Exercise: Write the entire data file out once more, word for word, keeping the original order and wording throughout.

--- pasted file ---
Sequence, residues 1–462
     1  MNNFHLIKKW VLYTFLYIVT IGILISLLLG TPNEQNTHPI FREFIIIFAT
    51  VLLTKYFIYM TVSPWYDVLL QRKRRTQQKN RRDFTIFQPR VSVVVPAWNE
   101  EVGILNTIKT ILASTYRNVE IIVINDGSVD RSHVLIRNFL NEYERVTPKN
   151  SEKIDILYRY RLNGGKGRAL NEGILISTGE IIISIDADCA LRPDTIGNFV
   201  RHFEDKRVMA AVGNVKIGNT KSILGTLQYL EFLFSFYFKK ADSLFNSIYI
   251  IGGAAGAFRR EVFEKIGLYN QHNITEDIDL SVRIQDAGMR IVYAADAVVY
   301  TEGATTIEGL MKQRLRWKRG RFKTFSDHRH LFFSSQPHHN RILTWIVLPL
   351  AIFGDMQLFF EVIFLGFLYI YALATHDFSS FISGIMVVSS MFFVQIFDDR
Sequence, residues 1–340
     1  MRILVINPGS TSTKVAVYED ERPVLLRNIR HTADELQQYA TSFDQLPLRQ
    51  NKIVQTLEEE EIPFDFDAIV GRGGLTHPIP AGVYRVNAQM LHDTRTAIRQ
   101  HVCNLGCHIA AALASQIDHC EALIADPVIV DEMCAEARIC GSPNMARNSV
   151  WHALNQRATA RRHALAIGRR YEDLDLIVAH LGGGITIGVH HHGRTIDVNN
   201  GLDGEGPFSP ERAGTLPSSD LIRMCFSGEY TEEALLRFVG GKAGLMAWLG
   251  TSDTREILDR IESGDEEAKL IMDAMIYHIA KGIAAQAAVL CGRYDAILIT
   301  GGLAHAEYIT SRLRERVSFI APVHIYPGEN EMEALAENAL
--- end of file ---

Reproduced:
Sequence, residues 1–462
     1  MNNFHLIKKW VLYTFLYIVT IGILISLLLG TPNEQNTHPI FREFIIIFAT
    51  VLLTKYFIYM TVSPWYDVLL QRKRRTQQKN RRDFTIFQPR VSVVVPAWNE
   101  EVGILNTIKT ILASTYRNVE IIVINDGSVD RSHVLIRNFL NEYERVTPKN
   151  SEKIDILYRY RLNGGKGRAL NEGILISTGE IIISIDADCA LRPDTIGNFV
   201  RHFEDKRVMA AVGNVKIGNT KSILGTLQYL EFLFSFYFKK ADSLFNSIYI
   251  IGGAAGAFRR EVFEKIGLYN QHNITEDIDL SVRIQDAGMR IVYAADAVVY
   301  TEGATTIEGL MKQRLRWKRG RFKTFSDHRH LFFSSQPHHN RILTWIVLPL
   351  AIFGDMQLFF EVIFLGFLYI YALATHDFSS FISGIMVVSS MFFVQIFDDR
Sequence, residues 1–340
     1  MRILVINPGS TSTKVAVYED ERPVLLRNIR HTADELQQYA TSFDQLPLRQ
    51  NKIVQTLEEE EIPFDFDAIV GRGGLTHPIP AGVYRVNAQM LHDTRTAIRQ
   101  HVCNLGCHIA AALASQIDHC EALIADPVIV DEMCAEARIC GSPNMARNSV
   151  WHALNQRATA RRHALAIGRR YEDLDLIVAH LGGGITIGVH HHGRTIDVNN
   201  GLDGEGPFSP ERAGTLPSSD LIRMCFSGEY TEEALLRFVG GKAGLMAWLG
   251  TSDTREILDR IESGDEEAKL IMDAMIYHIA KGIAAQAAVL CGRYDAILIT
   301  GGLAHAEYIT SRLRERVSFI APVHIYPGEN EMEALAENAL